Armed with every conceivable electoral amenity, from an in-house broadcast studio to a sea of flat-screened monitors set up for voter outreach and candidate support, it was supposed to be the future of political campaigning in Canada. Of course, as it turned out, even the promise of bearing witness to the dawn of a new generation of electioneering wasn’t enough to get those same reporters to show up at 6am every morning to watch Jason Kenney deliver whatever the message of the day happened to be, but still. It was darned impressive, and — let’s be honest, here — provided us all with considerable entertainment, some of which was even intentional, during the last election.
But now, we find out that the party is planning to outsource something that you’d think the masters of the pixelverse out on Lancaster Road would be able to do in their sleep? Unless spamming the inboxes of hapless party supporters with cunningly “personalized” video clips of Mike Duffy is trickier than it sounds, which is distinctly possible, of course.
I googled around some commercial real estate sites for the Ottawa area and it appears that $10/square foot is a reasonable number to apply to this. So the rent alone on this complex is $170,000 a month. Never mind the utilities, salaries, hardware and software costs. Look at it this way, if the average born every minute Conservative donor gives $25 per donation, they need ~6,800 donations a month for the rent alone.
As much as I regret every day Harper remains in office, it seems to me that a good strategy would be to find ways to hinder their fundraising and let the bleeding continue.
The Prime Minister's gray military Airbus touched down at this Baffin Island town shortly after 7 p.m. after flying over icy Arctic waters dotted with icebergs. ...
The discussion of economic development will only be a side show to the military exercise taking place in Frobisher Bay, where a Canadian navy frigate and submarine will conduct an anti-submarine drill.
Canadian Rangers, a reserve force of northerners, will also practise an amphibious assault near Iqaluit.
Harper will observe the exercise.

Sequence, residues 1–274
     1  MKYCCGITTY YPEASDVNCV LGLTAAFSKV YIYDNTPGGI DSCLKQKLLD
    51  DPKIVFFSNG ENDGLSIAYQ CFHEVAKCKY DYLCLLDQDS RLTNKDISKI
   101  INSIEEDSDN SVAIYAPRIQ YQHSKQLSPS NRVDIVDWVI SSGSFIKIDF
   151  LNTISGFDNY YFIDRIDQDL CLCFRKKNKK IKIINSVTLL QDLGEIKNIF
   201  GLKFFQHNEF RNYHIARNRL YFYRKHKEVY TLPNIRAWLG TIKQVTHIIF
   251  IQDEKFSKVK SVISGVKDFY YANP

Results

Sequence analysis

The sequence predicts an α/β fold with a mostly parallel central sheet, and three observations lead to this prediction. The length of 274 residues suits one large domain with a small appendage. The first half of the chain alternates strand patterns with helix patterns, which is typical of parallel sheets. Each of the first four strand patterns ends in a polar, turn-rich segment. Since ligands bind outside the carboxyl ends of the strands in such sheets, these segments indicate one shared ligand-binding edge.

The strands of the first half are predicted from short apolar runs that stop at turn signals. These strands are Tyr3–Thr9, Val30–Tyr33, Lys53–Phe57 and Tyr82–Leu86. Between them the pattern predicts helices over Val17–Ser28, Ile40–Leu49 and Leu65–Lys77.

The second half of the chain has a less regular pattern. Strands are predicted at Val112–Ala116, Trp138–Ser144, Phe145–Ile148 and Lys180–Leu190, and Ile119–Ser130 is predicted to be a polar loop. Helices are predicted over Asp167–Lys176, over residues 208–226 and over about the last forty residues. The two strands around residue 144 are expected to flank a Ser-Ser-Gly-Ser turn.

On Wednesday, Harper will preside over another annual fixture of questionable value as the military conducts Operation Nanook with 700 soldiers, an icebreaker and one of our rarely-operational Victoria-class submarines engaged in a make-believe show of coastal defence.
Never mind that both the Bush exercise and Harper's pale copy are straight from Day 1 of the Nazi propaganda film Triumph of the Will,
what does it say about our would be Fuhrer that they flub it up?
An unfortunate blunder by the Prime Minister's Office has residents of Nunavut alternately chuckling and cringing.A news release sent out Monday outlined Prime Minister Stephen Harper's itinerary as he began a five-day tour of the North.The release repeatedly spelled the capital of Nunavut as Iqualuit -- rather than Iqaluit.
The extra "u" makes a world of difference in the Inuktitut language.
Iqaluit, properly spelled, means "many fish."
Spelled with an extra "u," the Nunavut language commissioner's office says the word translates as a derogatory reference to "people with unwiped bums."
Bloggers from Iqaluit were quickly online ridiculing the gaffe -- some light-hearted, some angry.
Iqaluit was named capital of Nunavut when the territory was created in 1999.
A news release today from the PMO spells Iqaluit correctly.
Monday, August 17, 2009
The Conservative government nearly blew itself out of the water last November when it tried to cut off $27-million a year in federal allowances to political parties. Although polls showed the idea was popular with the public, the commentariat generally panned it as a low blow against competing parties, because they are more dependent on the subsidies than the Conservatives are.
Recommend this Post
Thursday, August 13, 2009
he Fraser River is experiencing one of the biggest salmon disasters in recent history with more than nine million sockeye vanishing.